Captain Moussa Dadis Camara has agreed to remain outside the country, continuing his recovery from being shot more than one month ago while a transitional government takes charge in Guinea to organize new elections.
Captain Camara and interim leader Defense Minister Sekouba Konate agreed to the deal during talks in the Burkinabe capital with regional mediator President Blaise Compaore.
Captain Camara will remain in Burkina Faso for the time being, easing concerns that his imminent return to Conakry could jeopardize an interim government and lead to further violence.
General Konate threatened to resign Thursday during a confrontation with members of Guinea's ruling council who were pushing for Captain Camara's immediate return.
The United States and France both believe a transitional authority is more likely to successfully organize elections if Captain Camara does not return to Guinea.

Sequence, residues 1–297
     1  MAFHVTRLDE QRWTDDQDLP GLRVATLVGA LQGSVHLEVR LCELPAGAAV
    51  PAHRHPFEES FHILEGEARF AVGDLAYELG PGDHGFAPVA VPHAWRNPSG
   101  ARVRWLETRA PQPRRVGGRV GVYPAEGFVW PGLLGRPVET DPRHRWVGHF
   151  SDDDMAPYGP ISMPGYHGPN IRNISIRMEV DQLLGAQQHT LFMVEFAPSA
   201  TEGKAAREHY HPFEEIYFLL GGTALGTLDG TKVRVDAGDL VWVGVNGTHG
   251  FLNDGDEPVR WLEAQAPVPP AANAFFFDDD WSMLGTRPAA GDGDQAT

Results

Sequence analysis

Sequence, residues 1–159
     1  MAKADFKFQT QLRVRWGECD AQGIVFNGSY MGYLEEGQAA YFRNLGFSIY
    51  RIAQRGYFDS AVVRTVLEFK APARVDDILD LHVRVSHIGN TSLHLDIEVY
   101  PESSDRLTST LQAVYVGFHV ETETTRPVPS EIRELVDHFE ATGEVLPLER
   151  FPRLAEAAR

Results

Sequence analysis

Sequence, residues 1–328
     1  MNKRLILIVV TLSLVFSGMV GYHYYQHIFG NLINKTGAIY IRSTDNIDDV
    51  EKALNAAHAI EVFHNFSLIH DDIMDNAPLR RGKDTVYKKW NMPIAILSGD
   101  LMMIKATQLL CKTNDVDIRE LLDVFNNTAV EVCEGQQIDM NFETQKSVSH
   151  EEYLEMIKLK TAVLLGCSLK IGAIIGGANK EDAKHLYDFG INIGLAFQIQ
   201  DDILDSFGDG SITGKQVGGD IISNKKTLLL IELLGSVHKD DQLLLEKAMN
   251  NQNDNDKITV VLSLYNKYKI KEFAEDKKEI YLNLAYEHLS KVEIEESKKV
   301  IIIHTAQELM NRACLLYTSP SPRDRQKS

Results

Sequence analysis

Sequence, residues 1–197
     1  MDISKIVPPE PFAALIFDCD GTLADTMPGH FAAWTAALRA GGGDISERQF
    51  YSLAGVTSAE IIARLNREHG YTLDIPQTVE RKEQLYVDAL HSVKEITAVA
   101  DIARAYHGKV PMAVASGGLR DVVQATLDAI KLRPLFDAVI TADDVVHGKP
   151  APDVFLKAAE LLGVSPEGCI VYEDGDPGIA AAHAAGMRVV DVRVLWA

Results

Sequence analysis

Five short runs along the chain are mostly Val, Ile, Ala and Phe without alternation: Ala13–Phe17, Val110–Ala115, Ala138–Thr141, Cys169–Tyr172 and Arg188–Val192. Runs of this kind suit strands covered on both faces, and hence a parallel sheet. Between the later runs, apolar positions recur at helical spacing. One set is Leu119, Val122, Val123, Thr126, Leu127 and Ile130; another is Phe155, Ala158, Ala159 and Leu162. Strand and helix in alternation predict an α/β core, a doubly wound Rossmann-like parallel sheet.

He was shot in the head more than one month ago by the former chief of the presidential guard who says Captain Camara was trying to blame him for the killing of more than 157 protestors in September.
The United Nations says there are sufficient grounds for presuming direct criminal responsibility by Captain Camara for that killing.
Friday's agreement says Captain Camara will remain available to help the players in the transition while he continues his convalescence in Burkina Faso. President Compaore says Captain Camara has shown a great willingness to help the process.
President Compaore says a period of convalescence for Captain Camara will be useful as he has put his trust in General Konate to lead the transition to an interim authority.
The deal calls for a transitional government organized by the opposition coalition of political parties, trade unions, and civil society groups to organize presidential elections within six months. Members of that government and the current ruling military council will not be allowed to run in that vote.
The deal calls for the revision of Guinea's electoral roles, the reorganization of its security forces, and the deployment of regional civilian and military observers.